A jam band is a band of any genre that performs live and improvises a lot of their music live in front of an audience. Bands like The Grateful Dead are notorious jam bands that play live music for hours on end. Some extremely improvised songs can last an upwards of 30 minutes. Jam band concerts typically have a loyal fan base towards that particular band, sometimes even following them from show to show. An example would be Phish and The Grateful Dead, which followers were typically known as “dead heads”. Certain people went to every show traveling with their best friends, never missing a Dead show across the whole country. They would arrive in swarms to the concert venue days before the show even started and stay days after it ended. It was basically a giant party leading up to the concert and then a party waiting up until the next event in a new state. In their prime, the Grateful Dead weren’t referred to as a jam band. In fact the term wasn’t invented until the early 90s when more and more bands are starting to switch towards electronic type beats instead of your typical rock jam band. During this time it was used to describe bans that had a similar playing style to that of Phish and Grateful Dead.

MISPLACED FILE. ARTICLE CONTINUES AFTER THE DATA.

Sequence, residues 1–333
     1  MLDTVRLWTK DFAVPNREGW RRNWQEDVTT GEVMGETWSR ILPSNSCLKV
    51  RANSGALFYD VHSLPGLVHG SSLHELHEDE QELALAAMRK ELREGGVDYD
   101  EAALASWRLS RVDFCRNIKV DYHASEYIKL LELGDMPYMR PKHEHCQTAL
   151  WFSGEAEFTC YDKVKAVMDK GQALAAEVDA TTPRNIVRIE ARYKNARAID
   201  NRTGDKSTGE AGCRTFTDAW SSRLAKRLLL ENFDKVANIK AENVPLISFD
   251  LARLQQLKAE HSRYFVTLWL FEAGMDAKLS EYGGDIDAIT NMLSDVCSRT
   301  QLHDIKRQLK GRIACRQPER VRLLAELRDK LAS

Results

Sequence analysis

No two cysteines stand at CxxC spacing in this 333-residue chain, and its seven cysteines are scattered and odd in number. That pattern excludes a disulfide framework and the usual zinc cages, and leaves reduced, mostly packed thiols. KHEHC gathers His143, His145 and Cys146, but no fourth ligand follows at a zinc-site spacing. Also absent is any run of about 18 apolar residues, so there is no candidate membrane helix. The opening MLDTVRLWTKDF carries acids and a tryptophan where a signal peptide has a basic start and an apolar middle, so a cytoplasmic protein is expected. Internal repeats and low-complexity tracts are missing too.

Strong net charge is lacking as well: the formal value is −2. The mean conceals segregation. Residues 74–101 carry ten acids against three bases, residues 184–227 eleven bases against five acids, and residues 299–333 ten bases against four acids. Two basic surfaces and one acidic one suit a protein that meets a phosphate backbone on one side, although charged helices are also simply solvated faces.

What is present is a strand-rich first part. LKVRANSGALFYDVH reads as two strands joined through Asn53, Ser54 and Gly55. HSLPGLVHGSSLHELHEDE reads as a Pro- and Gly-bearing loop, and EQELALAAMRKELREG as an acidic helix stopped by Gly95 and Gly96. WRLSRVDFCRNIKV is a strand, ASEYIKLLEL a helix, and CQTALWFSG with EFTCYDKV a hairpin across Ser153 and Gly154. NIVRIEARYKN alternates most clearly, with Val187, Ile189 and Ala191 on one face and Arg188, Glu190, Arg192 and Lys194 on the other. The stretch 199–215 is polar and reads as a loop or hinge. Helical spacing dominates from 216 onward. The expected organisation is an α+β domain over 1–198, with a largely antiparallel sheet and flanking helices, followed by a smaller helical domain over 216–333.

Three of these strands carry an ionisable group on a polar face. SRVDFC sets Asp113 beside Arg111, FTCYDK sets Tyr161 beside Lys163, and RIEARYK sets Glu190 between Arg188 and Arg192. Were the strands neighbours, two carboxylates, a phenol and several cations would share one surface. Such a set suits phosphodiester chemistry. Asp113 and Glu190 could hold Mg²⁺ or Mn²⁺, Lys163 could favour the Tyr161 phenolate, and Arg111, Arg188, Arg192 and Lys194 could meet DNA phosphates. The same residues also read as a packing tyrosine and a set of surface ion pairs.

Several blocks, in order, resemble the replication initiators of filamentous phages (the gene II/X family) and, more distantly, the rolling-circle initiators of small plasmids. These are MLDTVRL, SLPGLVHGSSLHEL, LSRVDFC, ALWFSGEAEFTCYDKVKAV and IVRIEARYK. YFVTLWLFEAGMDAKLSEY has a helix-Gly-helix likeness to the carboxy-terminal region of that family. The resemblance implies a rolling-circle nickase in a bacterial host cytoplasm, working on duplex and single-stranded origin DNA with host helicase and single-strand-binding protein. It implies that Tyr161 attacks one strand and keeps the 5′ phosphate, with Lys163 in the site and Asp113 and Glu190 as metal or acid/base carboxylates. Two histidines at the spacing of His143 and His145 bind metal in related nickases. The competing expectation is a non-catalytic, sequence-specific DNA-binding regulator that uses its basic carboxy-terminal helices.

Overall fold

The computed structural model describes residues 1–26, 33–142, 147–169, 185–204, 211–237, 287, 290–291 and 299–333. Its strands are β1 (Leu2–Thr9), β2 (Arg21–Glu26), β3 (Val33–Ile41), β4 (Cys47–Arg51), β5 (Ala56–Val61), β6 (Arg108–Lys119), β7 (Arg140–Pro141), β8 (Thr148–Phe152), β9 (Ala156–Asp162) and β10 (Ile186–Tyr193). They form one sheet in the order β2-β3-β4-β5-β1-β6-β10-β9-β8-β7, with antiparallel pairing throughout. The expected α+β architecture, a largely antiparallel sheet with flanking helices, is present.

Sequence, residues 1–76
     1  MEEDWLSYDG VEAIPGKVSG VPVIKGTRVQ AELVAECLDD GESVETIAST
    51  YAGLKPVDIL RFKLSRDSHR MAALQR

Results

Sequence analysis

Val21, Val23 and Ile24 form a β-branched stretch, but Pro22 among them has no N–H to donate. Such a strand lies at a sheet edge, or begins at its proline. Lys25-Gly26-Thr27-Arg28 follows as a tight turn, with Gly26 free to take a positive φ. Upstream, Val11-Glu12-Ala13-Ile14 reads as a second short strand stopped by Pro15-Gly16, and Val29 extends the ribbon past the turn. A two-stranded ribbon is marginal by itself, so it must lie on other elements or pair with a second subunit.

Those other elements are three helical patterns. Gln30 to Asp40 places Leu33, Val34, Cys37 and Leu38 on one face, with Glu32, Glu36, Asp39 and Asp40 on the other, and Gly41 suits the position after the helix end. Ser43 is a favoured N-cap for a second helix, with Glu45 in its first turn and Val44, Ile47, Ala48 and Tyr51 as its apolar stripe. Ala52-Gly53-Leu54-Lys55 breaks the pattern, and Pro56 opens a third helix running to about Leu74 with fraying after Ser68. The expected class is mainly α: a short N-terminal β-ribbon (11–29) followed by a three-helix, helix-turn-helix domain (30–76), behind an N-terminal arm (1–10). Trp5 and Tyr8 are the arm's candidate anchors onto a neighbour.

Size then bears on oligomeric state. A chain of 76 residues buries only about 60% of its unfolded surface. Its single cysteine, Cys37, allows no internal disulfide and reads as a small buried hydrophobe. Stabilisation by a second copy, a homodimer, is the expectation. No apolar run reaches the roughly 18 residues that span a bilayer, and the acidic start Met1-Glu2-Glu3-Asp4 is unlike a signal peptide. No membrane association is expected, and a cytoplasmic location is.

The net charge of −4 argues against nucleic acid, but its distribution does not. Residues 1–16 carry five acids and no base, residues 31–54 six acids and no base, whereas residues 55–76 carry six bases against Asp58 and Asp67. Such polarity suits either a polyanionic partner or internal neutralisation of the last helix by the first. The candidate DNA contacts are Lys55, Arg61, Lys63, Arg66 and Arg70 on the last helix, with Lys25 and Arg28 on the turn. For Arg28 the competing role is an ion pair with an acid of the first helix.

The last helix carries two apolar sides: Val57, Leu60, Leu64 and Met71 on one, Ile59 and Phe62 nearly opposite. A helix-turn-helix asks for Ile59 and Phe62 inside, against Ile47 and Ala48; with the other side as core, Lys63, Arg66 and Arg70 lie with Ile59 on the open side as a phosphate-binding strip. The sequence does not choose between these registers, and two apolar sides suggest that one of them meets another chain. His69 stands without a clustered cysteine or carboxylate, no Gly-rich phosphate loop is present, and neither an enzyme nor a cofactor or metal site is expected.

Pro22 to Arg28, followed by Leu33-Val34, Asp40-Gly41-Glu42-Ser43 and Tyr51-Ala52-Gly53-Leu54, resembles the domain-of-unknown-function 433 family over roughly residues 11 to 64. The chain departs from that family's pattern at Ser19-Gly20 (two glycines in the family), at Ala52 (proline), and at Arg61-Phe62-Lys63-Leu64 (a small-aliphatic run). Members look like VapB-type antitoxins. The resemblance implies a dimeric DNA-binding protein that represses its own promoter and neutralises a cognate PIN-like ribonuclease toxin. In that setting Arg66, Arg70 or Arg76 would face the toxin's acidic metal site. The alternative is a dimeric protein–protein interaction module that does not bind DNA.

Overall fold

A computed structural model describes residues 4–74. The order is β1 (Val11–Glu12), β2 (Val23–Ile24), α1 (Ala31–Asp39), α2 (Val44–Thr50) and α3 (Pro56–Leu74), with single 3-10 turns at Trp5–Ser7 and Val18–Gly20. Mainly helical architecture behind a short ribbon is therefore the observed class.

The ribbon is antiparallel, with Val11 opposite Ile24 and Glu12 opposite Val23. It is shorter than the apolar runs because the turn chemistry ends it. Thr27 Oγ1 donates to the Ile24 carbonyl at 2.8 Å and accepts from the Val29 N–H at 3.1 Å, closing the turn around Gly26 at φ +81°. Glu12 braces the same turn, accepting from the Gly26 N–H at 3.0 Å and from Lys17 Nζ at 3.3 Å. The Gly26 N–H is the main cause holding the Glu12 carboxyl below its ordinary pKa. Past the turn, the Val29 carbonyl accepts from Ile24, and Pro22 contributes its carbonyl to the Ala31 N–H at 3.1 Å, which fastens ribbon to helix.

Jam bands can play anywhere from a hole in the wall bar to a large music festival consisting of thousands of people. Often giving newer bands a chance to obtain a fanbase by giving them exposure to thousands of people, Summer Camp, Langerado, Bonnaroo, Camp Bisco, and many more have been doing a successful job for years. Music festivals are multi day festivals involving music, art, and sometimes comedy for days on end. At some festivals the music is almost non stop for 3 days. Even though the term jam bands was only recently coined, they’ve been uniting people of all cultures for generations. Given the invention of the internet, many artists are releasing their music for around a dollar a song nearly right after the concert is over. Most major festivals will have a USB thumb drive or a even a CD of the entire concert shortly after it’s over. However, this isn’t just limited to festivals. More and more venues are also starting to offer the artist’s live recordings, within an hour of the concert’s end.